Smelling the sweet scent of a delicate flower is usually associated more with youthful innocence, femininity and romance than it is with masculinity.
So understandably when you invite your friends around for a backyard barbeque you’re not going to impress anyone by picking delicate blossoms and offering them to your mates to smell. If you do, then you’re either going to make them feel a little uncomfortable, or they’ll think you’re getting too in touch with your feminine side.
Does this mean blokes can’t share their appreciation for fragrance in the garden? Not at all. You just need to stay clear of the whole flower scene, and opt for something a little less feminine, such as fragrant foliage. As there is nothing feminine about crushing leaves.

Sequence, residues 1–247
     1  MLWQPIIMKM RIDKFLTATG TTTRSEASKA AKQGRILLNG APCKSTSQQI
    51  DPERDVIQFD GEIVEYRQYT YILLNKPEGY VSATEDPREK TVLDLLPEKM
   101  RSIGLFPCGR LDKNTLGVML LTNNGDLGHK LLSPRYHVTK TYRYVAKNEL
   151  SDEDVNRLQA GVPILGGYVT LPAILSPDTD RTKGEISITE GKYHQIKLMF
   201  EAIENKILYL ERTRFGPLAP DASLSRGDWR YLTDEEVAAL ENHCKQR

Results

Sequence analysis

You see, when crushed, some native plants release a strong scent from their leaves. The most noteworthy of which are the lemon-scented plants such as the Lemon Scented Tea Tree, Gum, Ironbark, and Myrtle. There are also more common aromas such as standard Tea Tree and Eucalypt. However there are also more unexpected fragrances such as Aniseed Myrtle whose crushed leaves smell just like Sambuca.
In fact, it’s possible to create an entire native garden using only plants with fragrant foliage, as many are small enough to plant in a residential block.
Apart from not being sissy, there is another advantage fragrant foliage has over pretty flowers.
It smells all year round, so there is no need to wait for them to flower. You can grab a hand full of leaves anytime, give it a good crush, and a good sniff, and enjoy your garden without looking all new-age and sensitive.
(Published in Cairns City Life magazine, October 2007)